The African Caribbean Self-Help Organisation (ACSHO), based at Heathfield Road in Handsworth, Birmingham, established itself as a central hub for Pan-African centred learning and intellectual debate in the early 1970s. ACSHO members were part of a UK-wide co-ordinating committee that sent a delegation of activists to the 6th Pan African Congress (6PAC) in Dar es Salaam, Tanzania in 1974. My Identities article, ‘Each one teach one’ visualising Black intellectual life in Handsworth beyond the epistemology of ‘white sociology’, shows how the conference statement by the UK delegation at the 6PAC meeting was critical of the inherent racism of their social condition in England’s metropolitan cities as well as of the racist ways they were being studied by white social scientists at the time. Through their own Pan-African centred and anti-colonial critique, the delegation used ‘scientific socialism’ to situate their political struggle within a global context of anti-imperialist resistance movements.
Inside this hive of Black intellectual activism emanating from Birmingham, the archival work of Vanley Burke is particularly noteworthy. Born in St Thomas, Jamaica in 1951, Burke recalls receiving a gift of a camera sent by his mother from England for his 10th Birthday. He became fascinated by the ‘magic of photography’ and was compelled by both the science and artistry of this medium (Sealy 1993). Since the early 1970s, Burke has documented the lives of Caribbean communities in Birmingham with an intimacy and sensitivity towards the people he shares the city with.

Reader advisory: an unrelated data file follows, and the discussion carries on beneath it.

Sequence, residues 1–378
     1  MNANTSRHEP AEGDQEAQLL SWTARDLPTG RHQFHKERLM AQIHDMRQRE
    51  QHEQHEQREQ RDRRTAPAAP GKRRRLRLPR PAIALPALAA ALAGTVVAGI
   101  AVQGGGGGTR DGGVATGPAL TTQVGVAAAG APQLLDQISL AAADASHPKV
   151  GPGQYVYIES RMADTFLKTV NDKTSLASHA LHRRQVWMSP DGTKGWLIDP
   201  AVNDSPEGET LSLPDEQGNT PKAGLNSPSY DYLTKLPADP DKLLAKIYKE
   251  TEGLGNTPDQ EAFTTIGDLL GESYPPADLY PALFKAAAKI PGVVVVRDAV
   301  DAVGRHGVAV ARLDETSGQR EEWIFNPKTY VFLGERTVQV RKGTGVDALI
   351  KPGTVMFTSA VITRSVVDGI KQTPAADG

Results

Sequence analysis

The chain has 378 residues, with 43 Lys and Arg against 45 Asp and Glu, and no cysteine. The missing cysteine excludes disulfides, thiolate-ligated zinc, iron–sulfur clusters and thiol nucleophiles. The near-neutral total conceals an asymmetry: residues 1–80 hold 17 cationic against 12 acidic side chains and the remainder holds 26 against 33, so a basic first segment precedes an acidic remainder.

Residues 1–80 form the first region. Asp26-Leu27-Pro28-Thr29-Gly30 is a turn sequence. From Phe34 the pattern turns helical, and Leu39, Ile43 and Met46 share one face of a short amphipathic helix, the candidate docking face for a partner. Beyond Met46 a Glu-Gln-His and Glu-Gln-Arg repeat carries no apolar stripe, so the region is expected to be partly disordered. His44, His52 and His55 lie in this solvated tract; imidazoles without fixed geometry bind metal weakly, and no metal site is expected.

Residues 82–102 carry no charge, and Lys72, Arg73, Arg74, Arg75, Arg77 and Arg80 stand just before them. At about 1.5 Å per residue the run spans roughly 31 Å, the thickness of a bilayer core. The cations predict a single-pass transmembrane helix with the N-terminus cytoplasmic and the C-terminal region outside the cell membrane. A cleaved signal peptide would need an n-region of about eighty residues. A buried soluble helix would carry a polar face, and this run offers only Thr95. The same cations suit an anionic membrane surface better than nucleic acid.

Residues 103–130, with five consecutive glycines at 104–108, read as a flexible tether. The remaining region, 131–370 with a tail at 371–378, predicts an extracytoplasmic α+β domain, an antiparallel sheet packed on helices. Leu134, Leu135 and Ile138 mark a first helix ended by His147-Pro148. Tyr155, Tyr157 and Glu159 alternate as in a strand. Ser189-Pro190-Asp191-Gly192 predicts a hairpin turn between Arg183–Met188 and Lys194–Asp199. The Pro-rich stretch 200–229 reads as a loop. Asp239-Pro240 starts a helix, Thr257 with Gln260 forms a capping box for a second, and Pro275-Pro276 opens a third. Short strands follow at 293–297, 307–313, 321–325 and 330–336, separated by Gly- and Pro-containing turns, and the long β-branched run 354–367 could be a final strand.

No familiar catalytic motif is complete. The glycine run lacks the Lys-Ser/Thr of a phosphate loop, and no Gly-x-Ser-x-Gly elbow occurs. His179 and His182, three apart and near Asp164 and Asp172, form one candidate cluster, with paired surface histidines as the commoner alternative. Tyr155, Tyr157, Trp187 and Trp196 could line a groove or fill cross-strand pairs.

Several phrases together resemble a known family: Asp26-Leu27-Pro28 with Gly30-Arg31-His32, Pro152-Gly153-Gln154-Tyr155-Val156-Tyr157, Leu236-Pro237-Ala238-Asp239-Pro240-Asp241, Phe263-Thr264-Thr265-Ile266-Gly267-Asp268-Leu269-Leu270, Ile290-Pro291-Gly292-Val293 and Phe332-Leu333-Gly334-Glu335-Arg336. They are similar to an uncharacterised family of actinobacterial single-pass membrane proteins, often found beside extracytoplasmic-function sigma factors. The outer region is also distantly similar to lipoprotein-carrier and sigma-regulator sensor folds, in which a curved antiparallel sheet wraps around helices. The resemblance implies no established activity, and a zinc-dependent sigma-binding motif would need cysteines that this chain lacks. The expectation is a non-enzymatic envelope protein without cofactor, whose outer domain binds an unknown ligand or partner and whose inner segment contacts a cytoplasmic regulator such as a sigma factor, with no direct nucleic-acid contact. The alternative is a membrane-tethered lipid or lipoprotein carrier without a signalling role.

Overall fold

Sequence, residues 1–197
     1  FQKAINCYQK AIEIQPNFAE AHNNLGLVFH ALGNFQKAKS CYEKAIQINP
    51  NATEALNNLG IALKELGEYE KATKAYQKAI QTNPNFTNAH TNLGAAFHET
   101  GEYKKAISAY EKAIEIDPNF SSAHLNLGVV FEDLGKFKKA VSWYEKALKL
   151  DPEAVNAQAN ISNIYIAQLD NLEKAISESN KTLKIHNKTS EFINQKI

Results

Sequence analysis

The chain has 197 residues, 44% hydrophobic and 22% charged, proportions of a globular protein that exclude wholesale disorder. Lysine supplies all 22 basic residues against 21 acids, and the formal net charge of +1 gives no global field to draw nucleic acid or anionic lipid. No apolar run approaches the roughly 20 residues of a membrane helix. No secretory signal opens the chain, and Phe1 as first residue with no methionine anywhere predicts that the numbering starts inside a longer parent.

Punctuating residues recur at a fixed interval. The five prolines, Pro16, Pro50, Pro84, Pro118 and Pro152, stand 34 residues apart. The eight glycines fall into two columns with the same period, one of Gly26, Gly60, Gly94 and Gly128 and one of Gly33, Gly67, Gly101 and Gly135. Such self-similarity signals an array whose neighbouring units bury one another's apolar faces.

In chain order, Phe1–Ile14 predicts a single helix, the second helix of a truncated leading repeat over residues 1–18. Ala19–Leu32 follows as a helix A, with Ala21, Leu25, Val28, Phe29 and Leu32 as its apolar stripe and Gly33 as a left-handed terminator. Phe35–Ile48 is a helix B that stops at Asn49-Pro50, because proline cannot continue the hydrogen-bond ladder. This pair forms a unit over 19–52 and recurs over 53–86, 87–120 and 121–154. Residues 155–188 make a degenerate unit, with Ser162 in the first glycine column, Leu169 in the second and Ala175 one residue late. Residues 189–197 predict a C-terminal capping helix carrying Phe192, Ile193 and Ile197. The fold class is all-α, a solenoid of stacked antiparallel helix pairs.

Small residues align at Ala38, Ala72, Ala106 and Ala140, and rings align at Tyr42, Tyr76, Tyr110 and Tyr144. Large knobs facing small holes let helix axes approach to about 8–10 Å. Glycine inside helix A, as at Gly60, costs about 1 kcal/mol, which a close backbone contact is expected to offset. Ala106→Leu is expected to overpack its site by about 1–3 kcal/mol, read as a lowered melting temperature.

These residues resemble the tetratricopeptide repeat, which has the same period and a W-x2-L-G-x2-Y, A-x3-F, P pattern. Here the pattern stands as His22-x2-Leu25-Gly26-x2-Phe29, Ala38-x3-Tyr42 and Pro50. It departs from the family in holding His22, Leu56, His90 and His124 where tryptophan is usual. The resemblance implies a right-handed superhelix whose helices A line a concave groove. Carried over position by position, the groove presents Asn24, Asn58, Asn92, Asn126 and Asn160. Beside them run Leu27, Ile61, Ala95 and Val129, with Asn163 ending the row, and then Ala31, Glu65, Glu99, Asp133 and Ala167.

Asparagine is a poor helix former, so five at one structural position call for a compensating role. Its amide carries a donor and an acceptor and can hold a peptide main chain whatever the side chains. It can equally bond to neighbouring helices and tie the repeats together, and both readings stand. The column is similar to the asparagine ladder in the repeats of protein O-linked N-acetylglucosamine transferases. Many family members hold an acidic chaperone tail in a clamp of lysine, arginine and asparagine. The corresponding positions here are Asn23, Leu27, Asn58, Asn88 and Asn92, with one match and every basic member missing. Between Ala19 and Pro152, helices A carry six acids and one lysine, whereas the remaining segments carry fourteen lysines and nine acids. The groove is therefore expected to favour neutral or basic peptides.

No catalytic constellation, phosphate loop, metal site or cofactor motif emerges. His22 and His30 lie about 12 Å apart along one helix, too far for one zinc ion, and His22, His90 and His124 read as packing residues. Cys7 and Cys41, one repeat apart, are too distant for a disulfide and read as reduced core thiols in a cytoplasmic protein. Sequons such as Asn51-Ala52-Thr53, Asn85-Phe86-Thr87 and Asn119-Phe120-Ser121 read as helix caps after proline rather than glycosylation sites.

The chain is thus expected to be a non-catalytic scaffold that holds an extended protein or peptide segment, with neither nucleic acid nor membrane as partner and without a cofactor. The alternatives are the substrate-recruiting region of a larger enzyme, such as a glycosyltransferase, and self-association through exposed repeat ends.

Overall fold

Burke’s photographs depict Black people going about their daily lives, visually contesting the dominant Eurocentric colonial gaze of the period as evident in the mainstream British press of the time. Birmingham’s Caribbean communities had developed a rich and varied political engagement with Black intellectual thought through music, faith and forms of community activism. Burke’s archive reflects the influence of Rastafari amongst young people, and shows how this philosophy and worldview was part of a spectrum of political ways of knowing including Black nationalism, Black Power consciousness, Black theologies, Pan-African and anti-imperialist schools of thought.
My Identities article shows how Burke’s archive allows us to see and understand Handsworth as a contested epistemic space where African Caribbean community organisations including ACSHO created their own sites of self-learning and self-education outside of mainstream formal state education. Burke’s photography and his wider archive collection provides a rich and nuanced visual insight into the intellectual circuits that existed in the homes, parks, streets, pubs, church halls, barbershops, hairdressers, sound-systems, radio stations, community centres, bookshops and community organisations of Black Birmingham.
The article further situates histories of anti-imperialist self-learning in Handsworth amongst other disputed bodies of knowledge produced within the local and national press, and within the British academy about the neighbourhood. The national press and the academy often functioned as echo chambers that underscored nationalistic forms of racism and the problematic epistemic whiteness of ‘race-relations’ sociology.